My name is Trish Audette-Longo, and I’m a Canadian journalist finishing a PhD in the Joint Doctorate in Communication program at Concordia University in Montreal, Quebec.
Broadly, I ask questions about the kinds of stories we tell ourselves about oil, energy, and natural resource extraction in Canada and around the world. My research focuses on media practices, including how First Nations and Métis communities create and negotiate media in connection to Canada’s oil sands and proposed pipelines.
Between 2012-2015, my work was supported by the Faculty of Arts and Science Graduate Fellowship at Concordia University, and between 2014-2017, I held a Joseph-Armand Bombardier Canada Graduate Scholarship supported by the Social Sciences and Humanities Research Council (SSHRC).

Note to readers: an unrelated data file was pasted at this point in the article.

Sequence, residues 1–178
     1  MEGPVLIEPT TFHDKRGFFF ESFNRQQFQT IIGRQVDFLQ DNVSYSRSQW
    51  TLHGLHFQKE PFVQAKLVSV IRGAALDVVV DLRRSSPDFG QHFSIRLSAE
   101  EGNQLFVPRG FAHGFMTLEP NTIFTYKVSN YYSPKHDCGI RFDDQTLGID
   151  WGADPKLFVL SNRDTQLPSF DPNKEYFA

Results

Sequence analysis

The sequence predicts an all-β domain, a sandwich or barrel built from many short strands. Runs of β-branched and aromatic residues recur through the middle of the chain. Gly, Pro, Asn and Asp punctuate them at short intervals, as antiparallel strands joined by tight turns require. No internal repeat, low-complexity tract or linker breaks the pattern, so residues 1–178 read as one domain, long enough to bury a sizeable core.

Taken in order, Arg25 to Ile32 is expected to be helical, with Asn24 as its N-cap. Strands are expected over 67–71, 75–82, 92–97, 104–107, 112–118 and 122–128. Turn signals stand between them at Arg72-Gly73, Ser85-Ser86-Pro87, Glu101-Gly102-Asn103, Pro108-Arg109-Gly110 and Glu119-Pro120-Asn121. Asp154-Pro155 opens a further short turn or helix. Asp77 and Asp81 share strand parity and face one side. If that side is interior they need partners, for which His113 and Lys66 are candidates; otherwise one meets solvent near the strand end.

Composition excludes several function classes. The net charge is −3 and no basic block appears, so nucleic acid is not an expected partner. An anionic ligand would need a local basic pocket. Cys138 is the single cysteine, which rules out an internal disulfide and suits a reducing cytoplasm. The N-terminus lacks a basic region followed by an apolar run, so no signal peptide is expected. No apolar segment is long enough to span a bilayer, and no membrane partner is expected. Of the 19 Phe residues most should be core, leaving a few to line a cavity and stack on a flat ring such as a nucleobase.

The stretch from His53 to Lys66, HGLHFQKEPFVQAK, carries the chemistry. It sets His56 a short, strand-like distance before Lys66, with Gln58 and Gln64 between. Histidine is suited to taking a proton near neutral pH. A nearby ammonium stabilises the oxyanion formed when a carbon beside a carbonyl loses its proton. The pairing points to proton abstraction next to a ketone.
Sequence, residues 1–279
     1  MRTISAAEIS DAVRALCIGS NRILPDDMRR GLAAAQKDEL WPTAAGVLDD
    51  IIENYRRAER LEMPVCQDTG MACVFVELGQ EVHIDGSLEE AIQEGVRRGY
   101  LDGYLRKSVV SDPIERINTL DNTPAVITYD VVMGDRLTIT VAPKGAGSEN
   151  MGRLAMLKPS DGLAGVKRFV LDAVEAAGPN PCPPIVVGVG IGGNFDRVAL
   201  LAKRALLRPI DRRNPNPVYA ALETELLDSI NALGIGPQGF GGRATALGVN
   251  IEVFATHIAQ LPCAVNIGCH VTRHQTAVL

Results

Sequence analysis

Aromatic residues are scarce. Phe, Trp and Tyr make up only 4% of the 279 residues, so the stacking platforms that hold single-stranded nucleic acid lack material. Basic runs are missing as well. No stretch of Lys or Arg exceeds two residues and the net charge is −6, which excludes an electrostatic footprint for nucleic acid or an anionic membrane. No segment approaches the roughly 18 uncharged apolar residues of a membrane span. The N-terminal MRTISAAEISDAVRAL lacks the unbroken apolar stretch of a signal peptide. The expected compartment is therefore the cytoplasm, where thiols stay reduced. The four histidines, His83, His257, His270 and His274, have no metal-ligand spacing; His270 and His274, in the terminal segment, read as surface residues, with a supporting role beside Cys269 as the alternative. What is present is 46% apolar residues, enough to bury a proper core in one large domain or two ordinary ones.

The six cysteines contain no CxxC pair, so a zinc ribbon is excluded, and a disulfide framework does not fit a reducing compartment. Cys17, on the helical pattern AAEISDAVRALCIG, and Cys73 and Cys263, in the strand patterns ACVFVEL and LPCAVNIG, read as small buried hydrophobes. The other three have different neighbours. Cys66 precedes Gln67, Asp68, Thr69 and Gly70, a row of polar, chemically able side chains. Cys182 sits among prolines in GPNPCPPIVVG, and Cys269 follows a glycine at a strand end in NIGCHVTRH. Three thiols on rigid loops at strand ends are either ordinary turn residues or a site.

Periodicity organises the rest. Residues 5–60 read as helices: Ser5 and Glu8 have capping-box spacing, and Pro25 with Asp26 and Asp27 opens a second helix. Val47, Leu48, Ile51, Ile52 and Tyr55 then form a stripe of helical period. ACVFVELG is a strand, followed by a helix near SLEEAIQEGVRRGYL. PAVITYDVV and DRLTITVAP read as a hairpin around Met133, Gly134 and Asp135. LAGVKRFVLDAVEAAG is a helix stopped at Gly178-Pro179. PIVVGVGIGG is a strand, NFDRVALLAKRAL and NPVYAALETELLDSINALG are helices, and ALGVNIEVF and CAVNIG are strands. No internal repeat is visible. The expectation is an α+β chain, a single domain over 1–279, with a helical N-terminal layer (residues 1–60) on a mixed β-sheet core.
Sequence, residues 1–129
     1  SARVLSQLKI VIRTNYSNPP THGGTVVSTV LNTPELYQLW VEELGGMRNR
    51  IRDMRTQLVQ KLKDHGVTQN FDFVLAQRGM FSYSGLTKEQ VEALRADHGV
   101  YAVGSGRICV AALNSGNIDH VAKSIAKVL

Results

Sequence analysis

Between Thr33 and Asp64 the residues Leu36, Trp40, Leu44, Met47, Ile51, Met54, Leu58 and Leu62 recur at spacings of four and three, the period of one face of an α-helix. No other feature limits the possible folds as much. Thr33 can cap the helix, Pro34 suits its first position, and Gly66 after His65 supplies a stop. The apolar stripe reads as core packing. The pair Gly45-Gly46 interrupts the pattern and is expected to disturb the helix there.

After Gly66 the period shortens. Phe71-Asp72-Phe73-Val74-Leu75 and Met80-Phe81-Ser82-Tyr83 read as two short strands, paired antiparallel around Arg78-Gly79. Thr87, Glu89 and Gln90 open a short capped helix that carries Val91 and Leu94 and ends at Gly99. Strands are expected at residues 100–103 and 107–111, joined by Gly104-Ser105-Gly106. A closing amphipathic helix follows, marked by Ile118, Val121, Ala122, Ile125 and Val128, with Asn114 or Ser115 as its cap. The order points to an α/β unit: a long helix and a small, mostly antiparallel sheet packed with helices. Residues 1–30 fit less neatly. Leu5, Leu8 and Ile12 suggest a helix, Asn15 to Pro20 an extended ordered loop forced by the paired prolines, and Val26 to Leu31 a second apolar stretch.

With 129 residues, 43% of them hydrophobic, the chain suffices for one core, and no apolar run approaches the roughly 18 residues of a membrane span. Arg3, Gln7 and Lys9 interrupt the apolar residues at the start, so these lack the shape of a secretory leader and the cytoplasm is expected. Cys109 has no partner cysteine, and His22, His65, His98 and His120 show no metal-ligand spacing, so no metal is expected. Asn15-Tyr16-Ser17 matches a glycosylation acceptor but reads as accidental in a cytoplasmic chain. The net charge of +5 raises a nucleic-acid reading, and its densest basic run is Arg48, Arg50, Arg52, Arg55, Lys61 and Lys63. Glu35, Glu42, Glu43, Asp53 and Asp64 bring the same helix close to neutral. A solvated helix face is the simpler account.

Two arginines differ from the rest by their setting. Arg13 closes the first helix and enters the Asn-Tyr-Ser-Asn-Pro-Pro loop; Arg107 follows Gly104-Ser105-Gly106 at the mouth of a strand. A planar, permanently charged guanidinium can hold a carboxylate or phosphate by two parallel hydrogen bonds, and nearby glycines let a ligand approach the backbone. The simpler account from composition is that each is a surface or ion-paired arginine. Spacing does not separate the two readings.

This website is designed as a showcase for some of my journalism and academic work, but it is not associated with any current or former employers.
In June 2017, I began working with the National Observer. Previously, I worked at The Edmonton Journal (2005-2012), The Standard in St. Catharines, Ont. (2003; 2004-2005), and the Vancouver Island News Group in Victoria, B.C. (2002). My writing has appeared in a cross-section of Postmedia publications, as well as J-Source, Alberta Views, and the Hill Times.
My academic work has appeared in the International Journal of Communication, Topia and the Canadian Journal of Communication. I am also an executive committee member of the Association for Literature, Environment, and Culture in Canada.
I hold a Bachelor of Journalism and Minor in History from Carleton University (2004) and an MSc in Media, Communication and Development from the London School of Economics and Political Science (2011).
To find my way to professional journalism, I worked for the Creston Valley Advance when I was growing up in British Columbia’s East Kootenays, and at Carleton I volunteered for and later edited the independent student newspaper The Charlatan.